The final Poisson regression model identified attendance at schools without an SBHC as the only statistically significant factor associated with hospitalization for asthma in the last year (RR, 1.5; 95% CI, 1.1-1.9). Sex, race or ethnicity, age (in years), and our SES indicator (proportion of children receiving a free lunch) failed to remain in the final model.


This study reports a strikingly lower asthma-related hospitalization rate in children who attend schools with SBHCs compared with those attending comparison schools. In addition to reduced hospitalization rates, we also document a gain of 3 days of school for asthmatic children attending schools with an SBHC compared with asthmatic children attending a comparison school. These findings, from different data sources, reinforce and support each other: it is logical that fewer hospitalizations among asthmatic children would result in fewer missed days of school. Since hospitalizations account for a high proportion of the direct costs of asthma,14,15 and school absenteeism a high proportion of the indirect costs, our data suggest that SBHCs may reduce asthma-associated costs while increasing access to health care. Further, while schools have an obvious interest in reducing barriers to learning, high absenteeism presents them with a double burden: it is harder for students to keep up with the pace of learning if they miss a lot of school, and New York City and other urban districts provide incentives to schools based, in part, on good student attendance (D.K.A., oral communication, February 26, 2002).

While we documented 2 outcomes in which SBHCs make important contributions to the health and well-being of inner-city schoolchildren, significant challenges remain. For example, we did not find an influence of SBHCs on ED use. Our findings are consistent with a study from an SBHC serving elementary schoolchildren in Minneapolis, Minn, which also documented reduced hospitalization but unchanged rates of ED use after a brief asthma intervention.16 The lack of effect on ED use in both of these studies underscores the importance of improving asthma management skills in parents of young children. Working with families of children with asthma to improve knowledge, compliance with preventive medications, and early detection and response to symptoms promises benefit in both health and cost outcomes.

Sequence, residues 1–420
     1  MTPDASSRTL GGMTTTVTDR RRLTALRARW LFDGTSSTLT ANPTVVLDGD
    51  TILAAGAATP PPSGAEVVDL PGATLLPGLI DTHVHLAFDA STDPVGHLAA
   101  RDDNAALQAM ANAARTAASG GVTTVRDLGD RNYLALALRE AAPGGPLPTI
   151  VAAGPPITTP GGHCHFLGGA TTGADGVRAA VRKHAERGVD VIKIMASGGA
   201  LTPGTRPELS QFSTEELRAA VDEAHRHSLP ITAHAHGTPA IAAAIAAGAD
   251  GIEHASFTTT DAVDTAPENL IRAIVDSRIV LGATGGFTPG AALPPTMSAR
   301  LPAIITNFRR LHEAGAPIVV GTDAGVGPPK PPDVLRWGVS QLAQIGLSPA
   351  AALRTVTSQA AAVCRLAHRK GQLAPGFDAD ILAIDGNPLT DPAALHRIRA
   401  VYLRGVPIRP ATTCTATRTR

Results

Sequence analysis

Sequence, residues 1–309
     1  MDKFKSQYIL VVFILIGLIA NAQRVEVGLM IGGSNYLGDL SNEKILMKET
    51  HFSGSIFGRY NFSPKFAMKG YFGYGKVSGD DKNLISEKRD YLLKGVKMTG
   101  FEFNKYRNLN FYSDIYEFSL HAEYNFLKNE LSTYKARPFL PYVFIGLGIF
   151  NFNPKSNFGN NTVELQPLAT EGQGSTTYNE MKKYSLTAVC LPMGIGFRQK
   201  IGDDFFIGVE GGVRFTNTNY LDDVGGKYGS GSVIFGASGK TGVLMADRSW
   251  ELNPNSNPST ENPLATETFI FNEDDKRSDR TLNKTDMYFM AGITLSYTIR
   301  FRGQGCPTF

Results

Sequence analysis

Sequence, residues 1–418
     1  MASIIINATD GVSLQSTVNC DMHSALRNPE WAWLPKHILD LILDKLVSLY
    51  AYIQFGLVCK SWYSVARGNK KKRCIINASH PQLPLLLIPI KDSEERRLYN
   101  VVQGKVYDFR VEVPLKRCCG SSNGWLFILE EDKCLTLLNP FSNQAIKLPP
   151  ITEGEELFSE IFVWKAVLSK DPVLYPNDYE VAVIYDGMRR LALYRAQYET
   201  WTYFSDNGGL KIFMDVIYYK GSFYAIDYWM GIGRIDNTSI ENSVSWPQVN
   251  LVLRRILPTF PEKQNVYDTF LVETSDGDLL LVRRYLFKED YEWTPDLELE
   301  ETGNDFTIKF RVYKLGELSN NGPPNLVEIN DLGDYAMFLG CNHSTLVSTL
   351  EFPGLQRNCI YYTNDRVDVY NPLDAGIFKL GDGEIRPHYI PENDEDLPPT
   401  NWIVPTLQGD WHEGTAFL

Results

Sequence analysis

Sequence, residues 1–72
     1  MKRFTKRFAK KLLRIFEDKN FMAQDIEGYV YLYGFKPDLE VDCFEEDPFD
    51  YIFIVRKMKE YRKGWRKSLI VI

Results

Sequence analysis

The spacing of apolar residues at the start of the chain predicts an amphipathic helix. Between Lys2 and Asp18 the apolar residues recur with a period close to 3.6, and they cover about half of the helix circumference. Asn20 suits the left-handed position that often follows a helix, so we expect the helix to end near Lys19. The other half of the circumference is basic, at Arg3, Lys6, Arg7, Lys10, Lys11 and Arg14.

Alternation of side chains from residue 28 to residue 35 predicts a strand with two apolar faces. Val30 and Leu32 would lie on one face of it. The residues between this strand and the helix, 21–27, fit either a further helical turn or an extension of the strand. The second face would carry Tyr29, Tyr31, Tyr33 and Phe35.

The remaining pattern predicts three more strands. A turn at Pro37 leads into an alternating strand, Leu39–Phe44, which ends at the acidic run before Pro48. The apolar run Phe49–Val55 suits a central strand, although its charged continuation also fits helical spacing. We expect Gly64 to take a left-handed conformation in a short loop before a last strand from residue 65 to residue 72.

Recognition of our findings that access to school-based services contributes toward improved outcomes in asthmatic children is dependent on evidence that children attending comparison schools are otherwise comparable. We acknowledge that different schools and children are never strictly comparable, and note that SBHCs and comparison schools differed somewhat in survey response rates and in the prevalence of asthma. However, we offer the following as support. First, Bronx parents do not select an elementary school for their child to attend. Rather, children are assigned to schools based on their home address. Second, the racial or ethnic composition of schools with an SBHC and comparison schools is similar, and, using eligibility for the free lunch program as a marker of SES, our 2 comparison schools ranked exactly midrange (ranks 3 and 4) of the 6 schools studied. Third, the higher frequency of symptoms we reported among children attending schools with SBHCs would argue against the theory that children attending schools with SBHCs have less severe disease. Fourth, in contrast with others,17 we found that health insurance coverage was similar and high among asthmatic children in all schools. Fifth, one motivation we had for constructing a regression model of factors related to hospitalization was to assess whether the observed bivariate association between schools with SBHCs and reduced hospitalization could be explained by SES or other potential confounders. We found that the variable for SES was not statistically significant, while the protective relation between schools with SBHCs and hospitalization for asthma was undiminished. Thus, we suggest that our findings are not explainable by better family or financial resources in schools with SBHCs, but were likely due, at least in part, to improved access to asthma care.